This was a good-looking woman. If he didn’t know her age he’d say she was somewhere in her mid-thirties. Nice figure in the uniform skirt, five five, one fifteen – he liked her type, the way she moved, scuffing the slides on the vinyl floor, the way she raised her hand to brush her hair from her face…Max said, ‘Ms Burke?’ and handed her his business card as he introduced himself. She nodded, glancing at the card. There were women who sobbed with relief. Some men too. There were women who came up and kissed him. This one nodded. (pg. 63, Orion Books)
The Feds want Ordell, so they cut Jackie a deal. If she helps them nail Ordell, they’ll drop any charges against her. Jackie’s already at the bottom of the heap when it comes to her job, reduced to working for some crappy airline for a measly salary and little in the way benefits. A criminal record would signal the end, so she agrees to help federal agent Nicolet and his partner catch Ordell. She’ll carry Ordell’s $500,000 into the mainland where the Feds will be waiting.
But Jackie wants out, an escape from her empty life as a stewardess, a life free from dependency on Ordell. Likewise, Max is tired of life as a bail bondsman. In this scene, he starts to question what he’s doing with his life and whether there’s a way out for him too:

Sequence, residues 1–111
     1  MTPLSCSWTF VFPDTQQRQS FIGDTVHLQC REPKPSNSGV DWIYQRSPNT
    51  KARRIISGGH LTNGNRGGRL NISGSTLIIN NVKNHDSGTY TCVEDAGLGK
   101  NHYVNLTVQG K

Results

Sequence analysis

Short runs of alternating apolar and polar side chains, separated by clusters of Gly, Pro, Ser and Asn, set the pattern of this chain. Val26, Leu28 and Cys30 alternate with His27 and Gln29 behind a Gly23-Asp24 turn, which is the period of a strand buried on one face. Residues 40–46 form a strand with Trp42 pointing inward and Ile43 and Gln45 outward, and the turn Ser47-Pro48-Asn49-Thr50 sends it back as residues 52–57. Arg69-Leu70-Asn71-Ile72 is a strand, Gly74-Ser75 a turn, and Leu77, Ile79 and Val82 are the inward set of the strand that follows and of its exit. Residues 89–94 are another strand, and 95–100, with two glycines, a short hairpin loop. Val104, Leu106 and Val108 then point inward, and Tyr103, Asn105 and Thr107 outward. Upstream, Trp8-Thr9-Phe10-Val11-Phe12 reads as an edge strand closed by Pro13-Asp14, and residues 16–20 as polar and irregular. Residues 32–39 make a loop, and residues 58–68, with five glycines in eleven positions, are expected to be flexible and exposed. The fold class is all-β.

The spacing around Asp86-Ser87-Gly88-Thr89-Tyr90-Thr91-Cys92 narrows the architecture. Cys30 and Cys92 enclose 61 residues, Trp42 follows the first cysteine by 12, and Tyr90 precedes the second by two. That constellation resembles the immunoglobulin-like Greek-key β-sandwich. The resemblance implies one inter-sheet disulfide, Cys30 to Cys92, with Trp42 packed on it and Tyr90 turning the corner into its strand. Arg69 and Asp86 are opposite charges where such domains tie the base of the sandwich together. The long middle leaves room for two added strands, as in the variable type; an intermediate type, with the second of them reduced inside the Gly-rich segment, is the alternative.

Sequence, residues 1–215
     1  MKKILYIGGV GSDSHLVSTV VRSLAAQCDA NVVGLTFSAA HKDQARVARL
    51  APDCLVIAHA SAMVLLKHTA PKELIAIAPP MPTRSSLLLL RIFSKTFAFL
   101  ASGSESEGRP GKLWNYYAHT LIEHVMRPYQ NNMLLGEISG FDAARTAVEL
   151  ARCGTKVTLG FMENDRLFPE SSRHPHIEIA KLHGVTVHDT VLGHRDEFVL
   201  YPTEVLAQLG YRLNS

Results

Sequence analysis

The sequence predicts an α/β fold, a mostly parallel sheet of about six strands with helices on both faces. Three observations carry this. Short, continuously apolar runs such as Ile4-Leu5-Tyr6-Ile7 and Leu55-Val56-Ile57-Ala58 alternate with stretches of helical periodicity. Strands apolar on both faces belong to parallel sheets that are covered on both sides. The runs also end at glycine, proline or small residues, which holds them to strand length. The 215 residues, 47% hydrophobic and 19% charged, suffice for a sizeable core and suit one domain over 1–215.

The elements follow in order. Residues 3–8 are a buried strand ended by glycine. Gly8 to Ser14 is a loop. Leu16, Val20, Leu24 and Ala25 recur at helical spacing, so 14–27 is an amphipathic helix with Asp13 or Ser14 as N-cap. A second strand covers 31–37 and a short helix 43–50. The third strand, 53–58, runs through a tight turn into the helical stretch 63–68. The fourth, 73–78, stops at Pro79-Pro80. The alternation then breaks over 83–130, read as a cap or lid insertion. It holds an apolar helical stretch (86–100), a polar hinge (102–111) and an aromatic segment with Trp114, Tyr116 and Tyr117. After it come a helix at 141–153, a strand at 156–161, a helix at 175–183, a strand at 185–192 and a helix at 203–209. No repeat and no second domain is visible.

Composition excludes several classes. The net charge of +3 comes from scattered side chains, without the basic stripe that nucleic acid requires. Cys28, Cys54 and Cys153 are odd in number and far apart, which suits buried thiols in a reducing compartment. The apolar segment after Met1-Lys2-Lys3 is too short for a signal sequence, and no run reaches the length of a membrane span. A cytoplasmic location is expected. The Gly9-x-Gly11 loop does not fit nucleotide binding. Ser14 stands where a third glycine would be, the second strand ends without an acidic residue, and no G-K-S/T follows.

The place smelled of mildew.
He sat in the living room in the dark, an expert at waiting, a nineteen-year veteran of it, waiting for people who failed to appear, missed court dates because they forgot or didn’t care, and took off. Nineteen years of losers, repeat offenders in and out of the system. Another one, that’s all Louis was, slipping back into the life.
Is this what you do?
He knew why he was here. Still, he began to wonder about it, thinking not so much of waiting other times in the nineteen years but aware of right now, the mildew smell, seeing himself sitting in the dark with a plastic tube that fired a beanbag full of buckshot.
Really? This is what you do?